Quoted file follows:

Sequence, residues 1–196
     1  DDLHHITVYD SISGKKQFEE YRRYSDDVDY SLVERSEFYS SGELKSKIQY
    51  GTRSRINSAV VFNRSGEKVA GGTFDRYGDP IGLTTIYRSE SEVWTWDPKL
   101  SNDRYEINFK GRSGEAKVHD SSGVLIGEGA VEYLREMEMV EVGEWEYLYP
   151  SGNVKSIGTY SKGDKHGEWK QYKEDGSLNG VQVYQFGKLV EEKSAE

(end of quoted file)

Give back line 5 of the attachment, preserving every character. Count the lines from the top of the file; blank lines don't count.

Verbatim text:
   151  SGNVKSIGTY SKGDKHGEWK QYKEDGSLNG VQVYQFGKLV EEKSAE